Ottawa, Canada — The Canadian Association of Speech-Language Pathologists and Audiologists (CASLPA) said in a press statement that the absence of support for universal newborn hearing screening not only hurts child development, but also costs the Canadian government more in the long run.
The statement was in reaction to the absence of dedicated funding in Canada’s federal budget for a national universal newborn hearing screening program (UNHS) that is designed to detect permanent childhood hearing loss (PCHL).
“By not providing dedicated funding for a universal newborn hearing screening program, they are missing a real opportunity to improve care while saving money,” said CASLPA audiology board director, Dr Sean Kinden, in the statement.
According to CASLPA, approximately three to five per 1,000 babies born each year in Canada have some degree of hearing loss. The organization further says that UNHS programs use an inexpensive and non-invasive test that can quickly and accurately screen for hearing loss for as little as CAN$35 per test.
Historically, only those babies with high-risk factors have been screened for PCHL, but studies estimate that nearly 50% of infants with hearing loss have no high risk factors.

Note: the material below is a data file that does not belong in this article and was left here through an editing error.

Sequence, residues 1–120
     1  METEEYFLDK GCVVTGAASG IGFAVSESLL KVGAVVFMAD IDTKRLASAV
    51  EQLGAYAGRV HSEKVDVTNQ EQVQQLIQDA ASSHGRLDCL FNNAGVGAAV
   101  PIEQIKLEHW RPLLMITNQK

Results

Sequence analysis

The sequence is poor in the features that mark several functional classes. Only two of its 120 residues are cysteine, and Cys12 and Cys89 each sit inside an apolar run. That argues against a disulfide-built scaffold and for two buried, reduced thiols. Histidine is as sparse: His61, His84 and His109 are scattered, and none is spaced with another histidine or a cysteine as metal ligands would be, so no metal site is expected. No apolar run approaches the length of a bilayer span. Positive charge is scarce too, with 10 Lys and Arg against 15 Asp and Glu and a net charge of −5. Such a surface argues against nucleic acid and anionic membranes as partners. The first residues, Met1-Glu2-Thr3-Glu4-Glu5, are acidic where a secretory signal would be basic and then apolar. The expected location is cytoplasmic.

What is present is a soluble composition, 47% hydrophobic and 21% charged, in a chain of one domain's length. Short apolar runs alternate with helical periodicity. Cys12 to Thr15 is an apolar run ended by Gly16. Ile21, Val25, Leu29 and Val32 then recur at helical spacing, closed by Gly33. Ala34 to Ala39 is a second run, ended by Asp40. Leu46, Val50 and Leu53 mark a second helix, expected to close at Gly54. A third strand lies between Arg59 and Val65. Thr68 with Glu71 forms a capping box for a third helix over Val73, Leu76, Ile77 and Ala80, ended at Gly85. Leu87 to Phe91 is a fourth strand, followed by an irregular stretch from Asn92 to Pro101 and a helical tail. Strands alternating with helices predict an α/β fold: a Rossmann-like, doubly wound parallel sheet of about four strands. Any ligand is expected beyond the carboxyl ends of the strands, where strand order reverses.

CASLPA states that relying on risk assessment alone means as many as half of children with PCHL are missed. Furthermore, because it is very difficult to detect PCHL based on observation alone, the absence of UNHS programs inevitably delays the identification of affected children.
While the United States and other countries consider newborn hearing screening as a standard of care, they are not infallible. A recent study published in Archives of Otolaryngology-Head & Neck Surgery, found that nearly one third of pediatric cochlear implant recipients pass newborn screening tests, but are then later diagnosed in infancy or early childhood.
“Undetected PCHL has been described by some researchers as a neurological emergency,” Kinden commented. “Extended periods of auditory deprivation have a significant impact on a child’s overall brain development and sensory integration. Deficits in speech, language, cognitive, academic, social, and emotional development are expected results of untreated hearing loss. The most direct and effective way of limiting the impact of these factors is to reduce the age at which hearing loss is identified and to start intervention as early as possible.”
Kinden concluded in the statement that the later hearing loss is detected, the higher the cost will be to the Canadian government. “By acting early through UNHS programs, treatment for hearing loss is less expensive and can be significantly more effective. This improves outcomes for the child and, ultimately, saves the government money. That’s a win-win situation.”